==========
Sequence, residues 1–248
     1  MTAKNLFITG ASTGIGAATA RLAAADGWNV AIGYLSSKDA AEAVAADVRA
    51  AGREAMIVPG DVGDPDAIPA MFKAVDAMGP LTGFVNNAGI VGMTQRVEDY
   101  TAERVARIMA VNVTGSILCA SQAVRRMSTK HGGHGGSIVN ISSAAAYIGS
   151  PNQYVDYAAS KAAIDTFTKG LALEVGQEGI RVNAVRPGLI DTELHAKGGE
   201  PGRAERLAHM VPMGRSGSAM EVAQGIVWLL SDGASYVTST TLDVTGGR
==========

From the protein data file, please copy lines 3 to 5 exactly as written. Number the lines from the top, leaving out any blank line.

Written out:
    51  AGREAMIVPG DVGDPDAIPA MFKAVDAMGP LTGFVNNAGI VGMTQRVEDY
   101  TAERVARIMA VNVTGSILCA SQAVRRMSTK HGGHGGSIVN ISSAAAYIGS
   151  PNQYVDYAAS KAAIDTFTKG LALEVGQEGI RVNAVRPGLI DTELHAKGGE